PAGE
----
Let $g:[0,2]\rightarrow\mathbb{R}$ be defined by, $$g(x)=\int_0^x(x-t)e^{t}dt.$$

What will be the area between the curve $y=g''(x)$ and the $x$-axis over the interval $[0,2]?$

If we integrate the given integral by leibniz rule,then,

$$g'(x)=(x-x)e^x\frac{d}{dx}(x)-0,$$ which is equal to $0$.

I am not sure whether I am making any mistake while differentiating or not. How can we find the required area?


Check $g'(x)$ again using the Leibniz integral rule $$ {\displaystyle {\frac {\mathrm {d} }{\mathrm {d} x}}\left(\int _{a(x)}^{b(x)}f(t,x)\,\mathrm {d} t\right) =\int _{a(x)}^{b(x)}{\frac {\partial f}{\partial x}}\,\mathrm {d} t\,+\,f{\big (}b(x),x{\big )}\cdot b'(x)\,-\,f{\big (}a(x),x{\big )}\cdot a'(x)}, $$

which shows that your calculation of $g'(x)$ is wrong.

How can we find the required area?

Well, you want $$ \int_0^2g''(x)\ dx. $$ Use the fundamental theorem of calculus and the formula for $g'(x)$.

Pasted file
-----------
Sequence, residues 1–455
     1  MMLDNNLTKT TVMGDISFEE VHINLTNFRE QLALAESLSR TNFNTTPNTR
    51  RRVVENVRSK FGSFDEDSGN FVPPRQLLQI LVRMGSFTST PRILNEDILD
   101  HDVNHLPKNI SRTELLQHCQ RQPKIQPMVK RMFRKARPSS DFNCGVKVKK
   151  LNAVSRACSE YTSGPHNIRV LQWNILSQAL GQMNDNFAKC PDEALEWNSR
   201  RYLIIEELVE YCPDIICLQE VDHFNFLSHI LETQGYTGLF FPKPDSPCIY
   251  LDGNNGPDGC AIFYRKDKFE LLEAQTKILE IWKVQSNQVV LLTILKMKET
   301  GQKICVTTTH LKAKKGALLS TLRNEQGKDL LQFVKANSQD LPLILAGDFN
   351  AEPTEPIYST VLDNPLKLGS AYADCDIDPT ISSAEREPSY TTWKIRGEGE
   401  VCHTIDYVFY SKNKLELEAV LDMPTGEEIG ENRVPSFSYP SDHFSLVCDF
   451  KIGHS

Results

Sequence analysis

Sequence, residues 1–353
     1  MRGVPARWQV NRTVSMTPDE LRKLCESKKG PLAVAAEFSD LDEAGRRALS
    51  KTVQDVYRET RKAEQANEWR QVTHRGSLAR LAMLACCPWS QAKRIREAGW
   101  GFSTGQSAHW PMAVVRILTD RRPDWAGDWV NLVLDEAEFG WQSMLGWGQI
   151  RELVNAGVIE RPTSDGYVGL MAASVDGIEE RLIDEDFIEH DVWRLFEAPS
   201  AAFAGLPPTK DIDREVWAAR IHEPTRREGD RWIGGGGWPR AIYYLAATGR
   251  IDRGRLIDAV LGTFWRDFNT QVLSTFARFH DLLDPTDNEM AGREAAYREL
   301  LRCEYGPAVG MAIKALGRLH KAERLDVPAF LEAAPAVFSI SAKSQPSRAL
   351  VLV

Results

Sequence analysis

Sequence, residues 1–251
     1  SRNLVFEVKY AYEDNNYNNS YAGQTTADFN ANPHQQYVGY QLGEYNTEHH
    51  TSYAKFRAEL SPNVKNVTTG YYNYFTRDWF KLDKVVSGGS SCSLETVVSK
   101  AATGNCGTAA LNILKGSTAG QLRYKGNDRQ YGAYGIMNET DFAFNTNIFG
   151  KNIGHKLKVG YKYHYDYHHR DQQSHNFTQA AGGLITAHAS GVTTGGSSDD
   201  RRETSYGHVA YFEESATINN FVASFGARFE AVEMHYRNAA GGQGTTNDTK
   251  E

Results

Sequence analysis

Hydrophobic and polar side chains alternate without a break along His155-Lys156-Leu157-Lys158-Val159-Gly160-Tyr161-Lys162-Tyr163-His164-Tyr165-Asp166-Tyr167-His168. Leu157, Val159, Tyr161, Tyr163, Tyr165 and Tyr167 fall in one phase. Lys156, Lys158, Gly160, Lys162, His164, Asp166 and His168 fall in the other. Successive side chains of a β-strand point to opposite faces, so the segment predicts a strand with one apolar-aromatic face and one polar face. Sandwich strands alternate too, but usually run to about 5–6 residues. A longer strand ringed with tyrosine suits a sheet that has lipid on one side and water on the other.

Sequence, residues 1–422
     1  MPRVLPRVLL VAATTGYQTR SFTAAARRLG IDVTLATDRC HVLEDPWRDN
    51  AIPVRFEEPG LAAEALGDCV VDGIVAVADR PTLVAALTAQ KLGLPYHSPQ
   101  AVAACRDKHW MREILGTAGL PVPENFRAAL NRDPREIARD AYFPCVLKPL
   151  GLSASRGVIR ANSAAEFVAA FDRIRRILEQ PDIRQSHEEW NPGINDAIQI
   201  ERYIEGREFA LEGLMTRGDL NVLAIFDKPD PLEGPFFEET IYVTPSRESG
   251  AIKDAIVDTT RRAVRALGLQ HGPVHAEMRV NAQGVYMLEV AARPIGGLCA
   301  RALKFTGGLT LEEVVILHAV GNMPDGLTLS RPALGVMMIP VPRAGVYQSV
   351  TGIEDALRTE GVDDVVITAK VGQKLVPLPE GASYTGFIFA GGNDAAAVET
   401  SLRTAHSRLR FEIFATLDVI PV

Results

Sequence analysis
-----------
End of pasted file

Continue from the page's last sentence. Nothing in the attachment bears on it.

• $\begingroup$ I just change the notations to match your definition of $g(x)$. Can you do the calculation now? $\endgroup$ – user9464 Jun 1 '16 at 14:30
  • $\begingroup$ But,when $f(x,t)=f(x)$ then, $$\frac{d}{dx}\int_{a(t)}^{b(t)}f(x)dx=f(b(x))⋅b′(x)−f(a(x))⋅a′(x)$$,applying this I am getting the value of the integral as $0$.Can you please explain where actually I am making the mistake? Thank you. $\endgroup$ – P.B. Jun 1 '16 at 14:34
  • $\begingroup$ You are using the wrong formula. In the definition of your $g(x)$, the integrand has two variables, $t$ and $x$. $\endgroup$ – user9464 Jun 1 '16 at 14:36
  • $\begingroup$ Now,I got it.Using the formula we will get,$$g'(x)=\int_0^xe^{t}dt$$,and the rest of it will be $0.$ $\endgroup$ – P.B. Jun 1 '16 at 14:52

Your Answer

By clicking “Post Your Answer”, you agree to our terms of service, privacy policy and cookie policy

Not the answer you're looking for? Browse other questions tagged or ask your own question.